I run a CentOS mirror. Have for a couple years.
But I never stopped to see just how long it takes to start becoming a mirror.
In case you wanted to know, I created a quick DO VM and ran the rsync mirror job yesterday. The results? At ~2.5MB/s, it took just over 8 hours to download 79GB of CentOS repositories.
Results came from running:
time rsync -azHv --delete us-msync.centos.org::CentOS /root/centos
Of course, if you want to mirror it “for real”, you should use ‘q’ instead of ‘v’ as an argument for rsync, and you should give it a better path than /root/centos.
You should also setup a webserver to offer the media out to others.
Now you know. And knowing is half the battle.
To add to my tutorial collection, here’s how to setup EtherPad on CentOS 6 (x64). As in the IRC tutorial, I used a Digital Ocean VM for this 🙂
What is EtherPad? It’s an open-source collaborative text editor that works like Google Docs – ie, all editors/viewers can see changes from everyone else in realtime.
Here’s how I did it: (props to the EtherPad docs and this other tutorial on Node.js)
- acquire a CentOS server – I used Digital Ocean
- make sure you have enough swap space (if you use the smallest Digital Ocean “droplet”, you really need to give yourself 2-4G swap)
- dd if=/dev/zero of=/swapfile bs=8192 count=524288
- mkswap swapfile
- swapon swapfile
- add this line to the end of your /etc/fstab:
- /swapfile swap swap defaults 0 0
- run the following as root:
- yum -y install gzip git-core curl python openssl-devel && yum groupinstall
- yum -y install screen gcc gcc-c++ make wget curl
- note – it’s not always called “gcc-c++”; make sure you use the correct package name for your platform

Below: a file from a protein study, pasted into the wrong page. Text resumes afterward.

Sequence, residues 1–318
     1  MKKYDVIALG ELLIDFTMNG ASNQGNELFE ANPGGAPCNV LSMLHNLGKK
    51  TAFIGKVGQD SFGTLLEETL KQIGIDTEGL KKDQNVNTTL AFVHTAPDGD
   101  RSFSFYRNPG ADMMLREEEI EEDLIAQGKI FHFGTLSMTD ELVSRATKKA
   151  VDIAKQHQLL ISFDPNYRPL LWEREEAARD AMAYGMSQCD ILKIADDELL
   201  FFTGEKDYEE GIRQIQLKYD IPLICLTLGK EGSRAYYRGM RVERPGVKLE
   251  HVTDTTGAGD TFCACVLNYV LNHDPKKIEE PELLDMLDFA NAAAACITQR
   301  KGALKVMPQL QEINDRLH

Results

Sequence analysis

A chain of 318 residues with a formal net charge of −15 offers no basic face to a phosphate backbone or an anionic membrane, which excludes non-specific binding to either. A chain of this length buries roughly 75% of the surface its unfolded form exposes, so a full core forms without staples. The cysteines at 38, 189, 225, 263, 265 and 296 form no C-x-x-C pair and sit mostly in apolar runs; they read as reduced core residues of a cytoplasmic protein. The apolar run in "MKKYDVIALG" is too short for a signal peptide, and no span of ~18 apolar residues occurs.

- you can find out the correct package name by doing a `yum provides */g++` search
- yum -y upgrade
- bring everything up to date – it’s equivalent to `yum -y update –obsoletes`
- adduser etherpad
- su – etherpad
- git clone git://github.com/ry/node.git
- cd node && ./configure && make && make install
- git clone git://github.com/ether/etherpad-lite.git
- cd etherpad-lite
- screen bin/run.sh
- load http://127.0.0.1:9001 in your browser (substitute the IP/DNS name of your server as appropriate – mine was http://220.127.116.11:9001)
- for maintenance purposes, you should also do a `git pull origin` for EtherPad periodically
Some notes on the above:
- if you already have swap space and/or don’t want to worry about it (though I recommend you do), you can skip it
- I’ve put the `-y` option after every `yum` call presuming you really mean to run it, and you don’t care about dependencies
- if you aren’t using a fresh server (EtherPad certainly doesn’t require it’s own), you may want to be a little more cautious about the `yum` commands 🙂
- you should create a start-up script to ensure EtherPad is running if you need to reboot
- the EtherPad docs have all kinds of further things you can do – this is just a “get it going and start using it” tutorial 🙂
I had need to automatically process emails to a specific address to pull attachments out, and this is how I did it:
$ yum install mpack
$ cat extract-attach.sh
rm -rf ~/attachtmp
mv ~/Maildir/new/* ~/attachtmp
rm -rf ~/attachtmp
$ crontab -l
*/5 * * * * ~/extract-attach.sh
Why, you may ask? Because I get a report a few times per day to the email address in question.
Note – this runs in my crontab every 5 minutes on a CentOS 6 x64 server; I’m sure the process is similar/identical on other distros, but I haven’t personally tried.
I wanted to try something different when playing with CentOS 6 recently, so I did a network install. Other than one very small detail, the install is identical to installing off a normal ISO.
Here’s the difference:
- use the netinstall.iso (eg http://centos.datente.com/media/6/isos/x86_64/CentOS-6.4-x86_64-netinstall.iso)
- when it asks for the URL to grab your image from, use something like http://centos.datente.com/media/6/os/x86_64 (make sure it’s the full path (this example is off my mirror for an x64 install))
- proceed as usual 🙂